In the late 90s, some brainiacs created a computer program called Web-bot to make stock market predictions, perhaps out of a belief that large amounts of money would be the only way any of them would ever get laid. Web-bot works like an Internet search engine does, but it presents its results in the form of numerical trends.
Basically, it was designed to tap in to our collective unconscious by analyzing information on the Internet and then make predictions based on its findings. So it's kind of like Trending Topics on Twitter, only people inexplicably trusted it to provide meaningful financial advice.
In 2001, the aforementioned brainiacs reasoned that if their program could be used to predict the stock market, it should be able to predict the future as well. According to the Web-bot, small nuclear wars will erupt somewhere in the world in 2009, initiating a series of events resulting in a major cataclysm sometime in--wait for it--the year 2012.
What Predictions (Supposedly) Came True?
Space Shuttle Columbia tragedy
New York blackout of 2003
Anthrax scares at the U.S. House of Representatives
Why it Might be Bullshit:
The Web-bot's data pool is limited to what is being discussed on the Internet. If the National Hurricane Center predicts that an upcoming hurricane season will be a particularly bad one, and everyone online starts talking about it, the Web-bot will spring into action by helpfully predicting the upcoming hurricane season will be a particularly bad one.
So why is the Web-bot predicting a cataclysmic event in 2012? Because end of the world alarmists are flooding the Internet with tons of information alleging some apocalyptic occurrence in 2012, that's why. Seriously, it's the Carlos Mencia of clairvoyant robots.
You look like a baby.
3The Hopi Indians
The Hopi are one of America's oldest Indian tribes, found in the northeastern section of Arizona along with absolutely nothing else. They have a rich mythology filled with Spider Women, Skeleton Men and the repeated creation and destruction of the Earth. They are a bleak people.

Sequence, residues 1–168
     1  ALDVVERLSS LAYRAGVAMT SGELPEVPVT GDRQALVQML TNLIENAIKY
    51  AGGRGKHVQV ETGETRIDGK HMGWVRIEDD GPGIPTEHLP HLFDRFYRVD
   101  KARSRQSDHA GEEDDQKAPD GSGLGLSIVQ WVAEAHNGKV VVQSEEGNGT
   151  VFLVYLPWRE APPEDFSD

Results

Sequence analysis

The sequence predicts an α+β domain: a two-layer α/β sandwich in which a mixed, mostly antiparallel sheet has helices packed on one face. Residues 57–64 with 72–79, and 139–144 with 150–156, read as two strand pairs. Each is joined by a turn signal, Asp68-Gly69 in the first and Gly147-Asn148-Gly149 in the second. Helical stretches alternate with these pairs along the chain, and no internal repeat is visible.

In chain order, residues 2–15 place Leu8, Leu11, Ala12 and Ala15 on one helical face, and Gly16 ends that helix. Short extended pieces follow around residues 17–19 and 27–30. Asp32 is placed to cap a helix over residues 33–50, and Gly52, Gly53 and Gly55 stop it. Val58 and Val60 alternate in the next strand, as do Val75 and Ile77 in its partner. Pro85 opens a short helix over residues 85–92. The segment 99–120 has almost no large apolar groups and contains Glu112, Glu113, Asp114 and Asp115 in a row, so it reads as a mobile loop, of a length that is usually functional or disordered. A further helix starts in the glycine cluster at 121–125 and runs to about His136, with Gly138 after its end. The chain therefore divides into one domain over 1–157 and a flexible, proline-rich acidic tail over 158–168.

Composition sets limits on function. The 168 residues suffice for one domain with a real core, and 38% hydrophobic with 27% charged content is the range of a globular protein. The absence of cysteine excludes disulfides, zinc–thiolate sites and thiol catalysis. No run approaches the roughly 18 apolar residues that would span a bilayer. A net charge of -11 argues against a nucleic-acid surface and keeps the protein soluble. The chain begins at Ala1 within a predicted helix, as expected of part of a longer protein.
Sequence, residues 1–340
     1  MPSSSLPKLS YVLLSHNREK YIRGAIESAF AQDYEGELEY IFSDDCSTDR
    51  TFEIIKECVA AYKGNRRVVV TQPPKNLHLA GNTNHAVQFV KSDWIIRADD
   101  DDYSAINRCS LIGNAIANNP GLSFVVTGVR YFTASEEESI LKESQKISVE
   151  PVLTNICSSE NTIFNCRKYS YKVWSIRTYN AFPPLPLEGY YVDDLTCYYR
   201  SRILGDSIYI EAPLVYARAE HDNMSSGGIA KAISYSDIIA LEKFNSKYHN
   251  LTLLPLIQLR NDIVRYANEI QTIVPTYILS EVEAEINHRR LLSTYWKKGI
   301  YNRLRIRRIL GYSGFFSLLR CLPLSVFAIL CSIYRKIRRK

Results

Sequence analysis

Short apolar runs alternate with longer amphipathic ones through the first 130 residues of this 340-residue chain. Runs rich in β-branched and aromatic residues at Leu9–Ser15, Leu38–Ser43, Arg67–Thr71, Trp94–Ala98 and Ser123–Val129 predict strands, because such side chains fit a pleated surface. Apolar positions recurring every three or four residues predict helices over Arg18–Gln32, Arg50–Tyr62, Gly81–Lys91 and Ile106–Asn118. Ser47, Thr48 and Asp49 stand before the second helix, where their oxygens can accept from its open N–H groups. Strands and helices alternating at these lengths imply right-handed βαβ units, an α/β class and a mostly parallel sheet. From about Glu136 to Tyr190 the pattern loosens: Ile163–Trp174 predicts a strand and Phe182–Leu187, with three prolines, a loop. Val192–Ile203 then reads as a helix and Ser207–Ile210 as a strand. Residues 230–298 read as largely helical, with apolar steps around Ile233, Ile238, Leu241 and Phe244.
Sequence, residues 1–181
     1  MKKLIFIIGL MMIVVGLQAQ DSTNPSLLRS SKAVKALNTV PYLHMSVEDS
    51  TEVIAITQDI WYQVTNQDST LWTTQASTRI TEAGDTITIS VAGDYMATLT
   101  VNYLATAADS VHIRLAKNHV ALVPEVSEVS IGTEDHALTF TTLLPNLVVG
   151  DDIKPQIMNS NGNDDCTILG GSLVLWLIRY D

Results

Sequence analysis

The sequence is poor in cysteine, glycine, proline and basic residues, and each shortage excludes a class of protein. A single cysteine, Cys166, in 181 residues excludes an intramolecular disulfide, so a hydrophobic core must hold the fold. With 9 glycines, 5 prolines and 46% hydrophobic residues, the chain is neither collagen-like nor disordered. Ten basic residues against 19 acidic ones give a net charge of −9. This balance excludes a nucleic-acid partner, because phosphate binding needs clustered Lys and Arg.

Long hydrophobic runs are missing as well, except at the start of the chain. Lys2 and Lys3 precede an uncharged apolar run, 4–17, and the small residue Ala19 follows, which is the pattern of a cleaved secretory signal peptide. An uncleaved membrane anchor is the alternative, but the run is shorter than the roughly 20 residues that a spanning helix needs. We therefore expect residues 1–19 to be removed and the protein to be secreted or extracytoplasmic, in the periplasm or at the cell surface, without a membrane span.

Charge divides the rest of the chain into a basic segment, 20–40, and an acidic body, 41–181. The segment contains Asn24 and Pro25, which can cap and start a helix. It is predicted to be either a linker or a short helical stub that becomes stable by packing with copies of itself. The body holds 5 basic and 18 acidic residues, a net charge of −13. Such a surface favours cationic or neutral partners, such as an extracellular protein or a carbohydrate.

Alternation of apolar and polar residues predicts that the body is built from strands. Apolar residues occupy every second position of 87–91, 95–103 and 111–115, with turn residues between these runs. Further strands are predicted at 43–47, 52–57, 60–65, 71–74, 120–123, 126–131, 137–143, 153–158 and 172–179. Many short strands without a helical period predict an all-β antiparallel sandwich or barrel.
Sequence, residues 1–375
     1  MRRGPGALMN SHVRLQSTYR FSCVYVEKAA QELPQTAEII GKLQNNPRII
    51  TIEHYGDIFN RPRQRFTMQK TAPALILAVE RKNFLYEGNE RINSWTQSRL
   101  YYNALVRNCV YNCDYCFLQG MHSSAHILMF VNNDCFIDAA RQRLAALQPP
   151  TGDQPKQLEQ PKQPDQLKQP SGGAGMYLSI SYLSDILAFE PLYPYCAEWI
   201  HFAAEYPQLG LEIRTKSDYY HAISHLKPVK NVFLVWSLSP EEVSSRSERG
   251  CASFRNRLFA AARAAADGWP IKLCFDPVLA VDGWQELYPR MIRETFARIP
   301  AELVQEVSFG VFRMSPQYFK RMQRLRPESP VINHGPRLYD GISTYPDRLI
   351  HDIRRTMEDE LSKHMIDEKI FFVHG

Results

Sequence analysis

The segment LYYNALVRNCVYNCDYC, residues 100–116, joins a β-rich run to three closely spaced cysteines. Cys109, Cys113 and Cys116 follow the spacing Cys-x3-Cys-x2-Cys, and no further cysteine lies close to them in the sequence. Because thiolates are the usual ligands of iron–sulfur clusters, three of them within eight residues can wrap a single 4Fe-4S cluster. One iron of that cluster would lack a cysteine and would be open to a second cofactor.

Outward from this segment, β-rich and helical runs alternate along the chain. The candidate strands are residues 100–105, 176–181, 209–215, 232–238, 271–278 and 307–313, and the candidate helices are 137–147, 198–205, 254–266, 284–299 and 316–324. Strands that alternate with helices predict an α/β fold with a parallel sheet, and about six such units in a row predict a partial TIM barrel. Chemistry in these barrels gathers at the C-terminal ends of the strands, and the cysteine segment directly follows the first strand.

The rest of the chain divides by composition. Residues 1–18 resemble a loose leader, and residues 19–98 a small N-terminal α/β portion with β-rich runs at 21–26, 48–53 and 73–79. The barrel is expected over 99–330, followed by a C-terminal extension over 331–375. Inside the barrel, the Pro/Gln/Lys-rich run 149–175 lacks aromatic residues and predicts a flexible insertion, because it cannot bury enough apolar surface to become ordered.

The Hopi believe time to be cyclical and made up of a number of worlds. When a world begins it is innocent and pure, but as time goes by the world and its people become corrupted by sex, war and other things we pay 10 dollars a ticket to see at AMC.
At the height of decay the world ends, its people are purified, and everything starts over from the beginning. We'd like to imagine it as the end of Matrix Revolutions, except that we swore on our father's grave we would never think about that movie ever again.
Fuck you, Matrix Revolutions. Fuck you forever.
According to the Hopi lore, we are currently living in the fourth world. Sadly, due to the white man and his insatiable white quest for spiritless technology, we are rapidly approaching the Great Purification. Once we all pass through a cosmic Brita filter we will enter world five, which as fate would have it is the one with all the goddamn hammer brothers.
And people figure, hey, might as well be 2012, right? After all, these prophets can't all be wrong.
What Predictions (Supposedly) Came True?
There are nine signs that lead to the Great Purification.
Dastardly white men with guns.
"The coming of spinning wheels filled with voices" - early American pioneers in wagons, or bass-thumping Escalades with spinning rims.
The coming of the white man's cattle - Longhorns.
"The land will be crossed by snakes of iron" - Railroads.
The world will be crisscrossed by a giant spider's web - telephone lines or the Internet.
The building of a large network of roads.
"...The sea turning black, and many living things dying..." - Oil spills.
"...Many youth, who wear their hair long like my people, come and join the tribal nations..." - hippies.
A "dwelling-place in the heavens... that shall fall with a great crash" - U.S. Space Station Skylab, which fell to Earth in 1979.
Why it Might be Bullshit
The signs of the Hopi apocalypse read like a middle school American History text book with a particular emphasis on the ill-deeds of the white man. Consequently, they seem little more than elements of a curse or an elaborate revenge fantasy.
"Then the white people are all like, 'Don't kill us!' and we're all like, 'No! HAHAHAHA!'"
Still, predicting things like the "snakes of iron" that would crisscross the land? We have to admit it's pretty impressive that they predicted things like the railroads in... oh, wait, they didn't publish the prophecy until 1959.